Symptoms are periodic abdominal pains (experienced by about 20% of migrainous children compared with about 4% of children who do not suffer from headache).
Rare types of migraine include:
Symptoms include visual disturbances, giddiness, loss of balance, slurred speech followed by aching mainly in the back of the head. Fainting can occur at the height of the attack.
Symptoms resemble a stroke and may progress until the arm and leg on one side are completely paralysed for a few hours. Repeated attacks may leave a residual weakness. Familial hemiplegic migraine occurs where there is a family history of hemiplegic migraine.
Symptom is paralysis of one or more of the muscles moving the eyes resulting in the eyes moving out of alignment and the person seeing double.
Symptom is loss of sight in one eye and normal vision in the other. The sight clears leaving an ache behind the eye or a generalised headache.
Symptoms range from permanent blind spots to a full stroke occurring during a typical migraine attack. An infarct is the death of tissue due to an inadequate blood supply.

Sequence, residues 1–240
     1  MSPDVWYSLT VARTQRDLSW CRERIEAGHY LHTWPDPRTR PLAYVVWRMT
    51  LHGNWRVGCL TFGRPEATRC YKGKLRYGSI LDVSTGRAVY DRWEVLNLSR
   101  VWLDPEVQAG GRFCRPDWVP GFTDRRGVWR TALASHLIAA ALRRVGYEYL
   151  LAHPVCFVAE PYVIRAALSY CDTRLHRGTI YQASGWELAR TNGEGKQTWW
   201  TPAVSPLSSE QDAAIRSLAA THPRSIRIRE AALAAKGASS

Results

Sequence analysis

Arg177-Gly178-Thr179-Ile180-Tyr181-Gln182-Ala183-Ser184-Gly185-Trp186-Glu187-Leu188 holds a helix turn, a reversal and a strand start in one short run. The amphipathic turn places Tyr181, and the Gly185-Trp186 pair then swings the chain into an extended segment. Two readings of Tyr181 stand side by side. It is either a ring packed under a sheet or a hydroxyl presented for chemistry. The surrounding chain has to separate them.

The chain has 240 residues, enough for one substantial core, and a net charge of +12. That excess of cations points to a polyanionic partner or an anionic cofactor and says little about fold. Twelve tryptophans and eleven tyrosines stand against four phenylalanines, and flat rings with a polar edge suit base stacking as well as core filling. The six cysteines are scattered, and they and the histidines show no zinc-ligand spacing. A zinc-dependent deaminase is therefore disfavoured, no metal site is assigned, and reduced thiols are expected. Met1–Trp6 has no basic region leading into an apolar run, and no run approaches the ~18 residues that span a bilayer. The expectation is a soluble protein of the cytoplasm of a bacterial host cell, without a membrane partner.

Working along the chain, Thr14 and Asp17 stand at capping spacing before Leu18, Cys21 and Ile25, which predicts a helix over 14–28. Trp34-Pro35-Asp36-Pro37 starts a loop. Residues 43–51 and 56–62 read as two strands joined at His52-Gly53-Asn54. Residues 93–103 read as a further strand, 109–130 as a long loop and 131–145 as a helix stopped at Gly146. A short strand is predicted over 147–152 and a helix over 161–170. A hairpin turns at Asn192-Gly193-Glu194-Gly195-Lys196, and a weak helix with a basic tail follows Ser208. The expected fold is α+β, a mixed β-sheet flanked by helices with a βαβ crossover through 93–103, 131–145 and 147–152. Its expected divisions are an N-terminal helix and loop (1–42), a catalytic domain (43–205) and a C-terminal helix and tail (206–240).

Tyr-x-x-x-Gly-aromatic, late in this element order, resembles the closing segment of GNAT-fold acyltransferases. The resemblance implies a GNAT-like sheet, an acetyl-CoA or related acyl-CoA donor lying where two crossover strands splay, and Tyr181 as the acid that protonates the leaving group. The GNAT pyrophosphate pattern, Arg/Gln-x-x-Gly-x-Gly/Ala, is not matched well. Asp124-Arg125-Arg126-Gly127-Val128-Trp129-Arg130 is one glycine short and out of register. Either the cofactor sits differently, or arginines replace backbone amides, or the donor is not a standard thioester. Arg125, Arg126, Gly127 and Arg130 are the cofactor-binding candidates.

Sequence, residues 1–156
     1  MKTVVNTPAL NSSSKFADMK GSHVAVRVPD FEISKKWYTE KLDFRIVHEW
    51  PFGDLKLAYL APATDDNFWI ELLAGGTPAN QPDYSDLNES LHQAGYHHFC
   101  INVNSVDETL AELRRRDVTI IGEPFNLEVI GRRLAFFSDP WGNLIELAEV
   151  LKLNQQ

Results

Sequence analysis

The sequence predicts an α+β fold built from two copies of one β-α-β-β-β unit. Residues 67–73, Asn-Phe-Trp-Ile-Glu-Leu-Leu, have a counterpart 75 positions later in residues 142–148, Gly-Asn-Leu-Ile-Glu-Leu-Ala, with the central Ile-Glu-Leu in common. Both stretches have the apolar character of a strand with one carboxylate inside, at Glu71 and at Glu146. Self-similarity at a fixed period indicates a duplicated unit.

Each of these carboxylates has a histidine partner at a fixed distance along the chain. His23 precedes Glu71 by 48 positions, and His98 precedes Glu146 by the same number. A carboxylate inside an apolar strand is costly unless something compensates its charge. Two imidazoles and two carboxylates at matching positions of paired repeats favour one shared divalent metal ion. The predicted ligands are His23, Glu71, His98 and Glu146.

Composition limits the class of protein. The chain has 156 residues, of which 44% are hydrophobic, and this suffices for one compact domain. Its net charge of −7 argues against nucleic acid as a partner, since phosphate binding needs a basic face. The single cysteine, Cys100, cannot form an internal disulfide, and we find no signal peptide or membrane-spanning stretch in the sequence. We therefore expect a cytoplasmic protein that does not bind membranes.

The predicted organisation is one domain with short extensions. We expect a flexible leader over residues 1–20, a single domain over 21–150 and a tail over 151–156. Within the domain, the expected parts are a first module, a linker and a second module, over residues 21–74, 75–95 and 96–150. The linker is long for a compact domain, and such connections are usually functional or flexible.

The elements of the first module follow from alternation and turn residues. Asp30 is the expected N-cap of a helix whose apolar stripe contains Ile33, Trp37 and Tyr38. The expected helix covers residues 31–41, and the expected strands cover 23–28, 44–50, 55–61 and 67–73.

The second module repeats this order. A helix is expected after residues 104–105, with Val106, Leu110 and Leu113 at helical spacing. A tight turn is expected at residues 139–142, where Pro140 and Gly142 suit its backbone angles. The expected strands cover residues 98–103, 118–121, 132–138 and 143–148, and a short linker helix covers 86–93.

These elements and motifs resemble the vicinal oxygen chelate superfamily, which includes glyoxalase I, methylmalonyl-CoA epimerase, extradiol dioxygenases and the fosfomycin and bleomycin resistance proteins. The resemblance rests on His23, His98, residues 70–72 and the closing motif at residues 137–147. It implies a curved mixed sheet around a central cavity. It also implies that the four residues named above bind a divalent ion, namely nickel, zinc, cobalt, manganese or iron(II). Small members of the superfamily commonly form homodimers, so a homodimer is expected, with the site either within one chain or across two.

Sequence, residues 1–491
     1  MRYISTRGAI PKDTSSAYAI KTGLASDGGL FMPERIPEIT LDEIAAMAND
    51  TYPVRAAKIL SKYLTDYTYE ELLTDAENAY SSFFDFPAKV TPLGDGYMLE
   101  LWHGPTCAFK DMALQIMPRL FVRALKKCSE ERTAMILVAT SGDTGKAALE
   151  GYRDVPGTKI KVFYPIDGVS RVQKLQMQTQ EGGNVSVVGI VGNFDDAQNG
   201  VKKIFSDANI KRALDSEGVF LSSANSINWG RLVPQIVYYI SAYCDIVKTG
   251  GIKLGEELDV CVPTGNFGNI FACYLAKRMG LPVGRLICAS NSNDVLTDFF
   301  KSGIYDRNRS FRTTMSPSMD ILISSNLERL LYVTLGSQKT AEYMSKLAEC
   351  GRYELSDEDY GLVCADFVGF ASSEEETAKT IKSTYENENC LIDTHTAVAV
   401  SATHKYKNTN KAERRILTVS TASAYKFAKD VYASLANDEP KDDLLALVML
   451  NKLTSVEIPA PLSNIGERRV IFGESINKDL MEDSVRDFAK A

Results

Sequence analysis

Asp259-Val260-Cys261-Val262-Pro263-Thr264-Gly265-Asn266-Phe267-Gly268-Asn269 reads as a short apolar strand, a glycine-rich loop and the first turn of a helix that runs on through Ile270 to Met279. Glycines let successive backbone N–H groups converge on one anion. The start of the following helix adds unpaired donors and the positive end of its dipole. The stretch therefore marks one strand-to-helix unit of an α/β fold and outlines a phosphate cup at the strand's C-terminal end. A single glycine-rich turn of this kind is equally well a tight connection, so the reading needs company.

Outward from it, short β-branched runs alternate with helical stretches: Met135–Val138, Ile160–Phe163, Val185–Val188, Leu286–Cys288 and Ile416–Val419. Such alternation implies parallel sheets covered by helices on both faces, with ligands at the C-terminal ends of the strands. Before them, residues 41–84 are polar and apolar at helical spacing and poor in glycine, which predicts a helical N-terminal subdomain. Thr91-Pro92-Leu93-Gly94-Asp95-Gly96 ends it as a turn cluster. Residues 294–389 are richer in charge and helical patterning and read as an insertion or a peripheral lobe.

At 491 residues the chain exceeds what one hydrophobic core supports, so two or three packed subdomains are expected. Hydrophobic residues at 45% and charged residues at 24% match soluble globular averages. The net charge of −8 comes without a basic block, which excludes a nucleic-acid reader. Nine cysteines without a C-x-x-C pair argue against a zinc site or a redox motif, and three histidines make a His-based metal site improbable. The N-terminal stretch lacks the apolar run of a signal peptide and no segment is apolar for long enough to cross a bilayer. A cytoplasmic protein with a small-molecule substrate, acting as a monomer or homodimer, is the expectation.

Triggers are many and varied, not the same for everyone and not necessarily the same for different attacks in the same person. Identifying triggers may be complicated by the fact that it often takes a combination of triggers to set off a headache.
Common, well-recognised dietary triggers include:
Environmental triggers include:
Hormonal fluctuations are implicated as a significant trigger for women as three times as many women suffer from migraine headaches as men, this difference being most apparent during the reproductive years,. Hormonal triggers may be:
Physical and emotional factors include:
Much can be done about migraine. Treatment is not just a matter of taking a tablet but a case of each individual developing a migraine management plan that will probably involve lifestyle modifications, medication and complementary therapies.
See: Management of Headache
Some people can manage their migraines with medications available from a pharmacy. For many others, these are not sufficiently effective. If this is the case, or you are unsure about the cause or nature of your headache, or if your headaches change, it is important you consult a doctor. Studies show that 50% of migraine sufferers have not been diagnosed. Even if you have previously consulted a doctor and the prescribed treatment has not been successful it is worth going again. Migraines can be managed, effective migraine management involves a partnership between you and your doctor. Some medications are given once the headache has begun (acute treatment) and others taken daily to reduce the frequency of attacks (preventative treatment).